Pali is the language of the Tipiṭaka, which is the sacred canon of Theravāda Buddhism and contains much of the Buddha’s speech. Closeley related to Sanskrit, both languages are used interchangeably between religions.
Marathi-English dictionarySource: DDSA: The Molesworth Marathi and English Dictionary
hikkā (हिक्का).—f (S) Hiccough,--a single convulsion under that affection. 2 m Better hēkā.
Marathi is an Indo-European language having over 70 million native speakers people in (predominantly) Maharashtra India. Marathi, like many other Indo-Aryan languages, evolved from early forms of Prakrit, which itself is a subset of Sanskrit, one of the most ancient languages of the world.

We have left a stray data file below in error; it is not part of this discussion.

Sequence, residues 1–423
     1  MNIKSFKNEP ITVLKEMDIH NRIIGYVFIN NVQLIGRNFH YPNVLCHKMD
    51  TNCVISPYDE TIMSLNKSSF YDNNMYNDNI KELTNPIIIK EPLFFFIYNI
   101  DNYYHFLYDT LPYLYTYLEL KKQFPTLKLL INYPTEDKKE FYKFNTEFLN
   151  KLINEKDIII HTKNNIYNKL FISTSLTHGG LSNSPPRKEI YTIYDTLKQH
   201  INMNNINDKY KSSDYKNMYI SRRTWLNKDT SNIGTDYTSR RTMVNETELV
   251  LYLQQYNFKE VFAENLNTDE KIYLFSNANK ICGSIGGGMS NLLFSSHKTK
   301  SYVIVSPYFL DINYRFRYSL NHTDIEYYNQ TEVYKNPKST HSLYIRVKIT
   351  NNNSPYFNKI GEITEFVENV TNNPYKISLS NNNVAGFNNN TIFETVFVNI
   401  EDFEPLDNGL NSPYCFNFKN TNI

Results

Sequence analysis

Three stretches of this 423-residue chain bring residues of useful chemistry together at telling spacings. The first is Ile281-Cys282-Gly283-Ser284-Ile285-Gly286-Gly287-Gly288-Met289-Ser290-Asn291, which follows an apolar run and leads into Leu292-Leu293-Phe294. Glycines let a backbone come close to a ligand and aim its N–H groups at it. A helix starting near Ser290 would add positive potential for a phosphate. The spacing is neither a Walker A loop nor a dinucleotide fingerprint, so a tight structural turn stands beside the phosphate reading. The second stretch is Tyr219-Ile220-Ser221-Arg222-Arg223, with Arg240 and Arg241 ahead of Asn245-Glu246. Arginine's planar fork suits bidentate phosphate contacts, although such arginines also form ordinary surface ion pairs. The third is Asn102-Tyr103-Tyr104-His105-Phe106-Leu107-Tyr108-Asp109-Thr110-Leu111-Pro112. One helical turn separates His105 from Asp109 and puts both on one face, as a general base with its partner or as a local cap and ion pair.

Sanskrit dictionarySource: DDSA: The practical Sanskrit-English dictionary
1) An indistinct sound.
2) Hiccough; शुकानामपि सर्वेषां हिक्किका प्रोच्यते ज्वरः (śukānāmapi sarveṣāṃ hikkikā procyate jvaraḥ) Mb.12.283. 55.
3) (hikkā) An owl.Source: Cologne Digital Sanskrit Dictionaries: Shabda-Sagara Sanskrit-English Dictionary
(-kkā) 1. Hiccough. 2. An indistinct sound. E. hikk to hiccough, affs. aṅ and ṭāp .Source: Cologne Digital Sanskrit Dictionaries: Benfey Sanskrit-English Dictionary
Hikkā (हिक्का).—f. Hiccough, [Lassen, Anthologia Sanskritica.] 17, 4; [Rāmāyaṇa] 6, 28, 26.Source: Cologne Digital Sanskrit Dictionaries: Cappeller Sanskrit-English Dictionary
Hikkā (हिक्का).—[feminine] hikkita [neuter] sobbing.Source: Cologne Digital Sanskrit Dictionaries: Monier-Williams Sanskrit-English Dictionary